Sean Clarke was meant to be a pole vaulter. That was obvious from the minute he broke his leg running up a wall.
He was about to enter the 7th grade and had mastered the “wall flip,” where you get a running start, take two or three steps up a wall, flip head under heels and land on your feet.
“I forgot to check the landing area,” Clarke said.
He landed awkwardly, and there went the soccer season. Clarke was also interested in pole vaulting, so when his leg healed and track season rolled around, he found a new passion.
A lot of flipping, flying and landing later, the senior at Lyman vaulted to a state-leading 16-feet, 3-inches a few weeks ago. Now he is poised to win his third straight state championship at today’s Class 4A meet in Bradenton. It would put the finishing touch on one stylish legacy.
“As soon as he walks out there, everybody knows who he is,” Lyman coach Fred Finke said.
It’s not just how high Clarke goes, it’s how he does it sporting a yellow Lyman singlet, blue knee socks and long sandy blonde hair flowing in his wake.
The finishing touch used to be mirrored sunglasses. It wasn’t to look cool or intimidating. Clarke wore them to maintain a poker face.
“When I’m stressed, my eyes show it,” he said.
The shades were retired this season. There have been a few stressful moments, but Clarke has continued his evolution in an event he was genetically designed for.
His mother is Kathy Johnson Clarke, who captained the 1984 U.S. Olympic women’s gymnastics team. His father, Brian Clarke, was a record-setting kicker at Yale who became an actor on TV soap operas and shows like Eight is Enough and Baywatch.
That might account for Clarke’s body control, speed, athleticism, showmanship and Ivy-League smarts. But all the intrinsic skills in the world won’t matter if the recipient lacks the will to use them.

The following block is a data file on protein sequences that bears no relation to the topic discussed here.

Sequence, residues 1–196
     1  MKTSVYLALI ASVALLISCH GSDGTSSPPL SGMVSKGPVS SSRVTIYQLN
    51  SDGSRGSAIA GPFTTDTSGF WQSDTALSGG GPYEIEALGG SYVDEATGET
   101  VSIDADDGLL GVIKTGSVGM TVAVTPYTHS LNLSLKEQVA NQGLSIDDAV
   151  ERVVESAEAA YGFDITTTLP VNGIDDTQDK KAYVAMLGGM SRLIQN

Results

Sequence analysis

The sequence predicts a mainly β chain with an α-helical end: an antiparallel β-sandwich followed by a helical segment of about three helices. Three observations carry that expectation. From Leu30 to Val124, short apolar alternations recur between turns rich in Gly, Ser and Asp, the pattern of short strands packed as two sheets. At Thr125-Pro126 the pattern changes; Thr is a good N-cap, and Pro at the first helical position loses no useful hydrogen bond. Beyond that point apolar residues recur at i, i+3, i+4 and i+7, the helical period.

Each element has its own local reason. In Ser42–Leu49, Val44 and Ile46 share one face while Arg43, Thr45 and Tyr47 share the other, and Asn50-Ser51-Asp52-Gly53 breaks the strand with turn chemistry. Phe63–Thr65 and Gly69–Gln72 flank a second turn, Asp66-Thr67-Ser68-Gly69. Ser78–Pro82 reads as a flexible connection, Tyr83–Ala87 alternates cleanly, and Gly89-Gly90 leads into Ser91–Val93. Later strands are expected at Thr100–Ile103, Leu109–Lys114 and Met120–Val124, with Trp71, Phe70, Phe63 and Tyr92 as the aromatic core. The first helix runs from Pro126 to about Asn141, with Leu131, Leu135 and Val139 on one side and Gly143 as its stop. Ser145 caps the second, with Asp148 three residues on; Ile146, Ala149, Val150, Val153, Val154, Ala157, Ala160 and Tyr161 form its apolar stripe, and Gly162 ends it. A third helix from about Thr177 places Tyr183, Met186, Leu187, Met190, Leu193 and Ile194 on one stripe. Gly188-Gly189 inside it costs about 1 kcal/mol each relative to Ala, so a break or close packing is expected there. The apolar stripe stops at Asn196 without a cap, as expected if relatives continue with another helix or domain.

How driven is Clarke?
He won a meet last year but didn’t hit the 15-6 goal he’d set that day. So he packed up his seven poles, drove to an indoor vaulting facility in Apopka and took 40 more jumps.
“It was pure insanity,” Clarke said.
He might still be there if his parents hadn’t dragged him away. The story would elicit knowing nods from anyone who’s spent much time around pole vaulters.
Call them eccentric or daredevilish or fashionably offbeat, they are as likely to run up a wall as they are to lean against it.
“I hate to stereotype, but he’s a vaulter,” Finke said of Clarke. “”They’re their own little beasts.”
There is strategy in track’s running events, but competitors are essentially just putting one foot in front of the other. Field events require thought, and when done right, pole vaulting looks like something you’d see at a Cirque du Soleil performance.
Clarke is perpetually intrigued by the science behind the art. How mass and velocity are channeled into a fiberglass pole and the 1,000 or so variables that can alter the final result.
It’s the perfect athletic pursuit for an honors student at Lyman’s Institute for Engineering. Even if it means his parents sometime have to drag him away from it.
“It’s a perfection sport,” Clarke said. “You’re constantly trying to perfect it.”
When the run-up is right and the pole hits the takeoff box just as the takeoff foot leaves the ground and the pole bends and the kinetic energy thrusts him into the wild blue yonder and over the bar, “you can’t imagine doing any other sport,” Clarke said.
Spoken like an aeronautical engineer, which is what he plans to be. Clarke is going to be vaulting for Penn next year. He said he liked the school because the students he met on his recruiting visit weren’t pretentious.
They’d joke with him, “yet you can switch to a conversation about the latest aeronautical engineering development,” Clarke said.
For now, his main aeronautical concern is what happens today when he shows up in Bradenton. Everybody knows who Sean Clarke is, so he wants to go up, over, and out in style.